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IAEA Chief Leaves for North Korea
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International Atomic Energy Agency (IAEA) Director Mohamed ElBaradei left for North Korea Sunday. Part of his mission will be arranging the return of inspectors to the country as outlined in the six-party pact aiming to dismantle North Korea's atomic bomb program.

ElBaradei said he would look at how to make the agreement a reality and to forge closer ties between the IAEA and Pyongyang following a four-year chill years after North Korea expelled IAEA inspectors and rejected the international non-proliferation treaty.

"I'd like... to discuss the broad framework of how the new agreement will be implemented, namely the agency's monitoring and inspection of the shutdown of the Yongbyon nuclear facility including the reprocessing facility," ElBaradei told reporters before leaving.

The February 13 accord revolves around a shutdown of Yongbyon by mid-April. North Korea first announced back in 2005 that it possessed nuclear arms and carried out its first nuclear test in 2006, prompting the UN into imposing financial and arms sanctions.

Diplomats stated that ElBaradei would likely not finalize precise details of a new round of inspections during his stopovers in Beijing surrounding his March 13-14 stay in Pyongyang.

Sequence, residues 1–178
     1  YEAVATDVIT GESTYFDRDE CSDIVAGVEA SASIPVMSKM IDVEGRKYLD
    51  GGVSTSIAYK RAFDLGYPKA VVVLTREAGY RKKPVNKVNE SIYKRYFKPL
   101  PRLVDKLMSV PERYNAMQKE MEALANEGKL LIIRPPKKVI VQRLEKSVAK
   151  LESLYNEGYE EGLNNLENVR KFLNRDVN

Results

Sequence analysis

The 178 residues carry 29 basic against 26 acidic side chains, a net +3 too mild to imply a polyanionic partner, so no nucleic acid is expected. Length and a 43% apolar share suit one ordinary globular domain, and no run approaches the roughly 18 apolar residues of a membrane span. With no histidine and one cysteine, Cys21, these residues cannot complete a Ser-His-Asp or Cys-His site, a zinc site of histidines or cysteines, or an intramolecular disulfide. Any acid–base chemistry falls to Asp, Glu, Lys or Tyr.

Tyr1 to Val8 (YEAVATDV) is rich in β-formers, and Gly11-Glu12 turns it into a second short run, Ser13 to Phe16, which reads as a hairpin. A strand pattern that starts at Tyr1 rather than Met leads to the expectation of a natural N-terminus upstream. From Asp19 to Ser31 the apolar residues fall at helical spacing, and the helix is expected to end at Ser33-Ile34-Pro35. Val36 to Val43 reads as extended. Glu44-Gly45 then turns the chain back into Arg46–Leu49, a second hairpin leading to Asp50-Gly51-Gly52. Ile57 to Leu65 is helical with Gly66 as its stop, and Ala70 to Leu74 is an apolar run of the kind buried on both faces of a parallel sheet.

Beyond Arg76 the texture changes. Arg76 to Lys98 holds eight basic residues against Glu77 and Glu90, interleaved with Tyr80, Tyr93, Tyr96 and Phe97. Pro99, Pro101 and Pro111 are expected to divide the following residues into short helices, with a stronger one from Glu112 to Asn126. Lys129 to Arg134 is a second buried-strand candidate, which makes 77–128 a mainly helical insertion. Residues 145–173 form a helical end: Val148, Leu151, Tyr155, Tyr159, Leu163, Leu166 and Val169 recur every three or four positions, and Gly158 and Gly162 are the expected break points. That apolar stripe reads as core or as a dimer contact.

"This is the initial meeting after years of absence with a very unpredictable state after years," said a developing-nation ambassador accredited to the IAEA who spoke on condition of anonymity.

ElBaradei himself was cautious, depicting his trip as the beginning of a long journey, saying: "I hope we can move forward but again I should caution that this is the first step in a long process it will have to be an incremental process."

A senior European diplomat commented Pyongyang's invitation to ElBaradei did not enter into the details of any discussions to be had.

Mark Fitzpatrick, an analyst at London's International Institute for Strategic Studies, also outlined that despite the willingness of all involved to meet the minimum requirements of the February accord's 60-day deadline, many potential pitfalls still remained.

(China Daily via agenices March 12, 2007)

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